The Digital Learning Zone eLearning Defintions
Subject Matter Expert:
Learning Management System:
Course Management System:
Zone of Proximal Development:
ADDIE: A linear instructional design model with five components: Analyze, Design, Develop, Implement, Evaluate.
Reusable Learning Object: A stand-alone video, audio recording, or text-based instructional piece. It has been created without reference to scaffolded information so that it can be used in multiple learning contexts.
Concept Map (Mind Map):
Maslow’s Hierarchy: People move through a sequence of needs that when met can build strong relationships. When the lower needs are met, the personal can move to the next level. Levels: 1) Physiological – physical comfort needs; 2) Safety and Security – learning environment is safe to participate; 3) Love and Belonging – learning environment is welcoming and learners experience respect and being cared for; 4) Esteem – learning that the student values is taking place; 5) Self-actualization – students are becoming more of who they were created to be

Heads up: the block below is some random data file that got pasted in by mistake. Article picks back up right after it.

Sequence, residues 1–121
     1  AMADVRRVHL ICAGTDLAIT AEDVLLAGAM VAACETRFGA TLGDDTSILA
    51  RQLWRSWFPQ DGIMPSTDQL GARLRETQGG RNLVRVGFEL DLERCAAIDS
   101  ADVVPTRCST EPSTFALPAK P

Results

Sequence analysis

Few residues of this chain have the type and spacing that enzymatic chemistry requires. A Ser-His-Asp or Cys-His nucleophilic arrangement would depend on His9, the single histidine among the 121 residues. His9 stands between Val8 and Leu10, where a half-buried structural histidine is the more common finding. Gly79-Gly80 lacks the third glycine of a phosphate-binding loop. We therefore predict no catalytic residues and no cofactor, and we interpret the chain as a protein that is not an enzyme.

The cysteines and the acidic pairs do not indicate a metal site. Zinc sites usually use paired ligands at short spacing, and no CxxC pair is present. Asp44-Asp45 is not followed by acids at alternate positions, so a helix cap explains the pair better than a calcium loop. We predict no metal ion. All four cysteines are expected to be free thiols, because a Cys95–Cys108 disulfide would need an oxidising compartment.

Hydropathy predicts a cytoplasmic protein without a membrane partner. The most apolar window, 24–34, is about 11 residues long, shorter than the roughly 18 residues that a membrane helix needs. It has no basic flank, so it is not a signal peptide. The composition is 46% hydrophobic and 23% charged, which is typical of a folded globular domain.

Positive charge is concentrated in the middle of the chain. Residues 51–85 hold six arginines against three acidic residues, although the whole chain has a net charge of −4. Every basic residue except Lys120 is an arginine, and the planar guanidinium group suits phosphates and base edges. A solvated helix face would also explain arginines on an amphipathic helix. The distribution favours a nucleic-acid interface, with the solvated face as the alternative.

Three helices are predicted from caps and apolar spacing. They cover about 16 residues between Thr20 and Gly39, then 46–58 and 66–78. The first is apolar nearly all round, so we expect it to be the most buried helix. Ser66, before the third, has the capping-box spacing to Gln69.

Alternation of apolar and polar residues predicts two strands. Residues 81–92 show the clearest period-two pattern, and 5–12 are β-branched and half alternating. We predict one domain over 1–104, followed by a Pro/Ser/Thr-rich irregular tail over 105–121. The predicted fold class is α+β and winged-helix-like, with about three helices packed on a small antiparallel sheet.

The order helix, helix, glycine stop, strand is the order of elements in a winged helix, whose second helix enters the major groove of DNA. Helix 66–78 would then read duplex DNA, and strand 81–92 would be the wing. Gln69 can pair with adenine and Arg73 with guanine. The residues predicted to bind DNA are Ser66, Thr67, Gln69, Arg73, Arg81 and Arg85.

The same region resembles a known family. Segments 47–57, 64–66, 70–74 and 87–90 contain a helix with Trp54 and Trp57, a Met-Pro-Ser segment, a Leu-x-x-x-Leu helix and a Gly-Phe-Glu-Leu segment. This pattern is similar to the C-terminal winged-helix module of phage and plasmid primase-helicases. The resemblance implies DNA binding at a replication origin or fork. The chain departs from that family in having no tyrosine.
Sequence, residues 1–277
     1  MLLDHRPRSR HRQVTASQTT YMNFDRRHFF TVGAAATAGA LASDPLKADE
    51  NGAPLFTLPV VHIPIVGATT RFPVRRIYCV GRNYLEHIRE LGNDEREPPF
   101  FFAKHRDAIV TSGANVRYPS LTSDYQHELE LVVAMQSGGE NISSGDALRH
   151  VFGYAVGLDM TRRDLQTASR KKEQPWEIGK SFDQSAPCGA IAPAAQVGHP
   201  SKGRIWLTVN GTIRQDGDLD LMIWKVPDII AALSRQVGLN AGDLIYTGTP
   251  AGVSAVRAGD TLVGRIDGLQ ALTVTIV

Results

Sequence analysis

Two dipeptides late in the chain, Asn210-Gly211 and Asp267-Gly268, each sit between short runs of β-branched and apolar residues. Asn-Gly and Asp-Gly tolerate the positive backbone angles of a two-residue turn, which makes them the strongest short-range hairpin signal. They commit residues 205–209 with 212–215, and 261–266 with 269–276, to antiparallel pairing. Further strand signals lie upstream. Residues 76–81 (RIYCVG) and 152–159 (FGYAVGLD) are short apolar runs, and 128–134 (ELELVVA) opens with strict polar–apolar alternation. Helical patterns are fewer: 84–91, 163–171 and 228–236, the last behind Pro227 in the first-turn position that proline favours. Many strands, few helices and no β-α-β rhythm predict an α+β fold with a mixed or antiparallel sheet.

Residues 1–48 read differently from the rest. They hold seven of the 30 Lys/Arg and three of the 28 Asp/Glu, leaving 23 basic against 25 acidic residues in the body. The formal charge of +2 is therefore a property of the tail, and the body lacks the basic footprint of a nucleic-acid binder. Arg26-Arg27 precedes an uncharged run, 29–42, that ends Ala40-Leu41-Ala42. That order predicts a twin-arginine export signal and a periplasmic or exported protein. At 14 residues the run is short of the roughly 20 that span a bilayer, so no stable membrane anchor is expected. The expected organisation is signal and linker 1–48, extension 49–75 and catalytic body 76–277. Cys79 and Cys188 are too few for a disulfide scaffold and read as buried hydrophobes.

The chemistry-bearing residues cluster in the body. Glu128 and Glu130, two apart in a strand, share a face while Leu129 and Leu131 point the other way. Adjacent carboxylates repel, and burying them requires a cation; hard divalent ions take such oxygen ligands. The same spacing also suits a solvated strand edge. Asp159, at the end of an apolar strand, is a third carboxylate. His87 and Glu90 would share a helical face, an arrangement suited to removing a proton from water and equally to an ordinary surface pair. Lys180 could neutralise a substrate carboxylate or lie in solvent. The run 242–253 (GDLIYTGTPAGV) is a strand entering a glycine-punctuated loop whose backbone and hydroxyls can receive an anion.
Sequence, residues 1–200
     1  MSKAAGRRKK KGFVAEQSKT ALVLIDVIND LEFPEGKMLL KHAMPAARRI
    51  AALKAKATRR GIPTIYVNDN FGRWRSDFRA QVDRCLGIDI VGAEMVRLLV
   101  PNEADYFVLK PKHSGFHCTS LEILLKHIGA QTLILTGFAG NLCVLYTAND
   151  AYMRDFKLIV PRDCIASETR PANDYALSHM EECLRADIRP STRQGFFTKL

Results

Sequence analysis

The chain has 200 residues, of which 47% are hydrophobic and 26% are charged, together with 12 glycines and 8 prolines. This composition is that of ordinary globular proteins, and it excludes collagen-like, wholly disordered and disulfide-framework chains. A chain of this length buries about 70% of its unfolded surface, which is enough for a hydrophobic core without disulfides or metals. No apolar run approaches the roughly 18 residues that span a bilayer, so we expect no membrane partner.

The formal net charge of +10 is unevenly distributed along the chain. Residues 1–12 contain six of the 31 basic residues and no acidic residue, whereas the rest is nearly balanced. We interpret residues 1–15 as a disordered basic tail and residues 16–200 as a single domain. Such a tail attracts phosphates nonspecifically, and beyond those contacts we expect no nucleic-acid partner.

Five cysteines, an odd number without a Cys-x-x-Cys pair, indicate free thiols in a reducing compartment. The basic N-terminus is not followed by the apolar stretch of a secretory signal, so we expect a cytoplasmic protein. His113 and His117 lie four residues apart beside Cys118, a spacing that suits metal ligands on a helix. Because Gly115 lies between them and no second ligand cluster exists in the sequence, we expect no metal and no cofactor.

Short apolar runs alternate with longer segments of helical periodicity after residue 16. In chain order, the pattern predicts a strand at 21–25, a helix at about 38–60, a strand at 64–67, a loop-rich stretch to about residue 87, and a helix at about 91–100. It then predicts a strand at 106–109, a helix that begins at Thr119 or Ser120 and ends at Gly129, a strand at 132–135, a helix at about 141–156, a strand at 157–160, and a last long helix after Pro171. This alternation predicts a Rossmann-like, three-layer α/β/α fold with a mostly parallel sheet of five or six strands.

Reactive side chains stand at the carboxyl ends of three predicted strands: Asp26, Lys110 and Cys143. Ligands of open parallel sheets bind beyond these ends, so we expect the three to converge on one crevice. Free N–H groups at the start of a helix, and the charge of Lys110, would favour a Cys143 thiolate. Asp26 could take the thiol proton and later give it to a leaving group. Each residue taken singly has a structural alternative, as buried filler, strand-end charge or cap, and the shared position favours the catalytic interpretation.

Erikson’s Stages of Development: There are eight stages, the most important for adult learners are: 1) Identity vs. Role Confusion – building personal identity and identifying and standing by core beliefs; 2) Intimacy vs. Isolation – maintaining strong, authentic relationships where we are known; 3) Generativity vs. Stagnation – continuing to develop as a person and contributing to the world around us; 4) Ego Integrity vs. Despair – having a sense of accomplishment and legacy
Ganés’ 9 Levels of Learning: Design instruction according to: 1) Gain attention; 2) Inform students of objective; 3) Stimulate recall of prior learning; 4) Present content; 5) Provide learning guidance; 6) Practice; 7) Provide feedback; 8) Assess performance; 9) Enhance retention and transfer learning
Bloom’s Taxonomy (Revised):
Basic Values Model:
Constructivism: Learning by doing and apply new knowledge to the real-world
Constructionism: Learning by creating, thus applying new knowledge to the real-world
Dual Coding Theory: Reading text and interpreting images take place in different parts of the brain. By combining both, the text explains the image, while the image provides organization for the text. Reading text requires going back and forth in order to determine which parts relate to which. So by adding a visual image, the connections are more easily identified. We learn better with text + images, than with text alone.